INCINERATION: Industry Execs See Bright Future For Incineration

Incinerator construction remains a large business for U.S.-based companies, according to a recent survey of incinerator construction executives.

In spite of public resistance and regulatory challenges, $2 billion was spent to construct or purchase new incinerators in 1994. In addition, $500 million was spent to upgrade incineration equipment.

The future of the incineration industry is bright, according to 15 executives who participated in the study sponsored by Future Technology Surveys Inc., Lilburn, Ga. New incinerator markets, for example, have been forecasted to reach $3 billion in 1999 and owners are expected to spend an additional $2 billion to upgrade and modernize incineration equipment.

International opportunities have helped spur market growth. While approximately 30 percent of U.S. incineration firms' revenues come from international sales, exports may account for as much as 50 percent of sales in 1999.

To date, little research has been done to develop technology for air pollution controls. Other areas needing technological attention include continuous emissions monitoring equipment, dioxin and NOx process controls and trace pollutants. Researchers at the National Renewable Energy Laboratory, Golden, Colo., the Southwest Research Institute, San Antonio, and the U.S. Environmental Protection Agency, Cincinnati, are presently addressing some of these needs.

Within the last five years, however, the industry has seen advances in air pollution control and monitoring, computer process controls, automatic feeding systems and improved combustion. The next five years are likely to produce advances in ash handling, improved energy efficiency and design features that will allow greater use of diverse feedstocks as well as pollution abatement and automation.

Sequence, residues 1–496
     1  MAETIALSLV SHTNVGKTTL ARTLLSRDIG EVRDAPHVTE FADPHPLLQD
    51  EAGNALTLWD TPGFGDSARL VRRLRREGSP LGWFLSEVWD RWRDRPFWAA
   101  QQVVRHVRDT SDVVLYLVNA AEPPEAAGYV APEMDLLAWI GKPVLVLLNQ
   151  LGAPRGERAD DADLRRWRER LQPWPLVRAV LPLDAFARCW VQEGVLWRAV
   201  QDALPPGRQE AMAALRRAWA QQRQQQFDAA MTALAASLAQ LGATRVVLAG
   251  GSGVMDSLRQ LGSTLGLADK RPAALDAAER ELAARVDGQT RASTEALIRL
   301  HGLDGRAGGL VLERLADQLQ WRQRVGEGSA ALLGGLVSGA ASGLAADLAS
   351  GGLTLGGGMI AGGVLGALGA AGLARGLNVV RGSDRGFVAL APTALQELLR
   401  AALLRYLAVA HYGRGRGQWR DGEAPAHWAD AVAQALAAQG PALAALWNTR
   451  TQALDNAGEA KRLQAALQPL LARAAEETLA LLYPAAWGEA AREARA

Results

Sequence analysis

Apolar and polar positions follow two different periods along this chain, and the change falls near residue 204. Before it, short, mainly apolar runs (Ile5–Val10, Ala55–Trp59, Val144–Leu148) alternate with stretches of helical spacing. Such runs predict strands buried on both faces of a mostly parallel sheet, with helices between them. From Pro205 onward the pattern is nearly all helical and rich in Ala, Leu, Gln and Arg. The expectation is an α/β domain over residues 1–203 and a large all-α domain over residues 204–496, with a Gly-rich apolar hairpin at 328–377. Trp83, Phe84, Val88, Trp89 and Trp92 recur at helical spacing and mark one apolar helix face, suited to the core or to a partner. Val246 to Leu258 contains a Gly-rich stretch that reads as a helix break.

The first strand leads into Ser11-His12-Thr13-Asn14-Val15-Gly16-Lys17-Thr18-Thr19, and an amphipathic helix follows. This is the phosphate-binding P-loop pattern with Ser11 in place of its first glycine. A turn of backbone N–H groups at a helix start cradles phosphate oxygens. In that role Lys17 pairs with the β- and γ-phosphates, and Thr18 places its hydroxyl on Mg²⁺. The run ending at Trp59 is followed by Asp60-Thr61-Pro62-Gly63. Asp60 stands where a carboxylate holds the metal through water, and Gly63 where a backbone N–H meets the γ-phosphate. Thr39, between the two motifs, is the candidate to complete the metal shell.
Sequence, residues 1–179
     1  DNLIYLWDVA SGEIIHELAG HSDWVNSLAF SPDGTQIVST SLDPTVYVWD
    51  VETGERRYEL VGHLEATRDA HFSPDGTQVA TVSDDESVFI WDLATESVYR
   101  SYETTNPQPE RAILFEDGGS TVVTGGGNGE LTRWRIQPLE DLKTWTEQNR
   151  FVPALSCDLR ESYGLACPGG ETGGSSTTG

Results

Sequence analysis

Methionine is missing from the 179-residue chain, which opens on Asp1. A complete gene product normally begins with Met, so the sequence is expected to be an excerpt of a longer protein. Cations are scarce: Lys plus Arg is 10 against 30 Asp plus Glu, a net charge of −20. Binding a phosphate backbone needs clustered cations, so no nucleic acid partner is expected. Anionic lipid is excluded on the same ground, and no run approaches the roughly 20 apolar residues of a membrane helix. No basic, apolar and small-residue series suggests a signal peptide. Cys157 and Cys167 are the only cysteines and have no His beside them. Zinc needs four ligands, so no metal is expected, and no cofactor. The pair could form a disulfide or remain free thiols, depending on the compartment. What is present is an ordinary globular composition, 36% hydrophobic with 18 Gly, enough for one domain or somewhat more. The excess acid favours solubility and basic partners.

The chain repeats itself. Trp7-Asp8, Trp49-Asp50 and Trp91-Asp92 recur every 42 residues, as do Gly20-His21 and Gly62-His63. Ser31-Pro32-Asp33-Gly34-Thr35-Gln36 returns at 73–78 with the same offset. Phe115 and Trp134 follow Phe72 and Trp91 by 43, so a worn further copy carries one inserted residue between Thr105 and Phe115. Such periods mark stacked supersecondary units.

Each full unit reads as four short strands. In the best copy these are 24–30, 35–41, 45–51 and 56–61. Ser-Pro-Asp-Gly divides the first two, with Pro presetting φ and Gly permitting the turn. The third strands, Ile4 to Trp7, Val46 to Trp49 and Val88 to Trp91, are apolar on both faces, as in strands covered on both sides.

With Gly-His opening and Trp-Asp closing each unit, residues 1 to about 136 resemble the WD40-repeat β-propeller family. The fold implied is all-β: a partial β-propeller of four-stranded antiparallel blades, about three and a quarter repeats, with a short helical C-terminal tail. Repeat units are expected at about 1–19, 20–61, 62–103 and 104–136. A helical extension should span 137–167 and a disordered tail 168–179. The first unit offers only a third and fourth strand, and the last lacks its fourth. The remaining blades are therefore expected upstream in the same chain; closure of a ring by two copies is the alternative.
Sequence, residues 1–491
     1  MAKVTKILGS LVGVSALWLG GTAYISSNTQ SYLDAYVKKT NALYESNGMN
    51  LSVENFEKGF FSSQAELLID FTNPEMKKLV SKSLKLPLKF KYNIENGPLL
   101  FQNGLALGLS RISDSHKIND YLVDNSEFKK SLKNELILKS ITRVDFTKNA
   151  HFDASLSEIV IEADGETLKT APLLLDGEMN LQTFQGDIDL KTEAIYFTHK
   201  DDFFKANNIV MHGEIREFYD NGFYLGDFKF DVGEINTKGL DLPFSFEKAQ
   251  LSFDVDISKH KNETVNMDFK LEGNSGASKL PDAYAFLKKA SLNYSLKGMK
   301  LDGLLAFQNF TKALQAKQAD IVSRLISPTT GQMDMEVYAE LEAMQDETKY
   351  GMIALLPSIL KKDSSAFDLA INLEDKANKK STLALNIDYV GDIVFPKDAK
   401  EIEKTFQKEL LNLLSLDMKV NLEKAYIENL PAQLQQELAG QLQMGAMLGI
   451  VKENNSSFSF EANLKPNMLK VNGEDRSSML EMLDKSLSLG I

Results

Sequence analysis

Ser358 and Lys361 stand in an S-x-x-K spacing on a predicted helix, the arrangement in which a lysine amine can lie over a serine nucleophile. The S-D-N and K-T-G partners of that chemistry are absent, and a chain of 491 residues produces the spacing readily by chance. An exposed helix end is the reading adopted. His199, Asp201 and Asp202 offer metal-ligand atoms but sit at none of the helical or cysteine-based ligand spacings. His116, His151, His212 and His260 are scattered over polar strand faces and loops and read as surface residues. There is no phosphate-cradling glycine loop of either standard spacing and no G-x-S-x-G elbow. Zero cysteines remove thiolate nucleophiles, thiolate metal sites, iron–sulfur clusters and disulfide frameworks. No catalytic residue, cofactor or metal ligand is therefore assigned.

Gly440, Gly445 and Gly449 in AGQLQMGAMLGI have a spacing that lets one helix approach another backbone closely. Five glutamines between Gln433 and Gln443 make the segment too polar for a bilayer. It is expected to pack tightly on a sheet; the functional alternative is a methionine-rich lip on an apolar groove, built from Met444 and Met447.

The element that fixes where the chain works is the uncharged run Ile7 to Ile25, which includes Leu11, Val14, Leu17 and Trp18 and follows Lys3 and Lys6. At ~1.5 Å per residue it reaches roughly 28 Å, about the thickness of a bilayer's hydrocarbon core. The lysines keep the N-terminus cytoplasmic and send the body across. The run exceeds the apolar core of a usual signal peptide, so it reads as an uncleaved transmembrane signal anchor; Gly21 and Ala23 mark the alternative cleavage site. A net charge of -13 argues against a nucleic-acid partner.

It was more difficult for the survey participants to predict the future of public opinion, which plays a major role in siting incinerators. Some respondents believed that incineration will increase as a disposal option while others foresee continued dwindling support for the on-site incineration industry.

Incineration's large market can be attributed to the diversity of applications, including MSW, hazardous wastes, remediation, sewage sludge, industrial and agricultural wastes and tires.

Certain market sectors will diminish as a result of regulations and industry trends. For example, waste minimization and pollution prevention efforts by U.S. industries are expected to reduce the market for hazardous waste services; this, in turn, will hinder the future of new off-site hazardous waste incinerators.

In contrast, the current market for mobile hazardous waste and medical waste incinerators (particularly regional facilities) will grow as air pollution control problems put existing units out of operation.

Similar shifts can be expected in the markets for various incinerator types (see chart). For example, the market for infrared incinerators will diminish, while the market for fume incinerators is expected to grow over the next five years.

Also expect to see continued consolidation in this highly-competitive industry. More than 20 percent of current vendors may be removed from the industry's ranks.

To stay in the game, tomorrow's firms can follow the path forged by today's successful companies: achieve a competitive edge through customer service, advanced control systems, state-of-the-art air pollution control systems and pricing.